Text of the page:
It is beautiful to comfort someone by acknowledging his or her challenges, pain and grief. It helps them feel less isolated and cared about.


It is far better than encouraging a friend to “move on,” “get over it” and “be happy.” This minimizes their loss. Instead of bestowing comfort, it causes even more anguish.


When my son died, I knew that most people could not imagine the agony of my grief. I believed that I was coping in an amazing way – working and parenting my living children took every ounce of my energy.


On rare occasions, I felt judged by someone for grieving too much. When that happened I was simply incensed, especially if it came from a family member or friend – it was a huge betrayal that caused me to withdraw from them. All I could think of was how he or she might be more understanding if they had experienced the death of their own child.


I still maintain that I have healed from the death of my son, but now I carry new wounds.


I only want encouragement from friends and am extremely sensitive. I realize that was why I became very upset when a friend sent me a well-intentioned message last month.


My friend expressed worry that I was drawn to grief, and as an example pointed out my recent trips: attending a memorial in Northern California and going to Yosemite to meet a terminally ill blogger. My friend’s message ended with a statement that there was no end to sad stories and that I needed to actively pursue happiness.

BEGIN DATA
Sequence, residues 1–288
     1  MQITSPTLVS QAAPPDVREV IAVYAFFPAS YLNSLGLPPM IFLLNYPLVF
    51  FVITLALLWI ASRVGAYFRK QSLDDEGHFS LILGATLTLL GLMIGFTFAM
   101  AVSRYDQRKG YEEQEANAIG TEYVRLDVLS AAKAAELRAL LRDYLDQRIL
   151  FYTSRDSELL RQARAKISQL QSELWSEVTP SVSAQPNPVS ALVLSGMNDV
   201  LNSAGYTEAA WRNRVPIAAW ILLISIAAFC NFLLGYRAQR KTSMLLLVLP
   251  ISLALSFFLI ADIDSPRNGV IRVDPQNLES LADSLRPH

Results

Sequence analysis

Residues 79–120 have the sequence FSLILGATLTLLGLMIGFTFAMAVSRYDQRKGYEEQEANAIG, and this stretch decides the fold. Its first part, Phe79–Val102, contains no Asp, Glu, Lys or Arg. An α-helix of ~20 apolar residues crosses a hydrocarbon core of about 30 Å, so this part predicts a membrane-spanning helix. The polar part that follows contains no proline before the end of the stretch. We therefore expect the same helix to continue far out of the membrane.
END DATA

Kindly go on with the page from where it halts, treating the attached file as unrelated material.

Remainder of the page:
This message was a trigger.


Triggers, triggers, triggers!


Triggers are things that cause me enormous pain because all of my suppressed pain from the past explodes with a trigger.


Criticism is always a huge trigger for me because I lived with constant criticism for years in my marriage.


I wasn’t sure how to respond to the message. I certainly appreciated what on the surface appeared to be very caring and concerned. But I felt very misunderstood and criticized.


I wrote a response to express my feelings:


I appreciate that you are concerned about me and your message is caring. But I must explain because you cannot understand what I’ve lived through. The loss of a child is something I’ve healed from, but it did change me forever. I’m never going to be the person I was before that. A wound may heal, but there is still a scar. I’ve also chosen to view my scar as something that represents a profound effect upon me.


Helping others with grief doesn’t make me sad – It is meaningful and very rewarding.


I’ve gone through a lot of loss in the past two years: my marriage, my eyesight, my parents and the life I knew for over 30 years.


I actively chose to pursue happiness by making huge changes in my life!


With all those changes, it is understandable that I have a lot of emotion. These days, I cry with joy easily, as much as with sadness.


I’m certain that I’d feel better if my eyes didn’t hurt all the time. But I continue smiling and doing what I love to do. I love to sing, compose, write and help other people. I also hope to touch people in many ways beyond grief.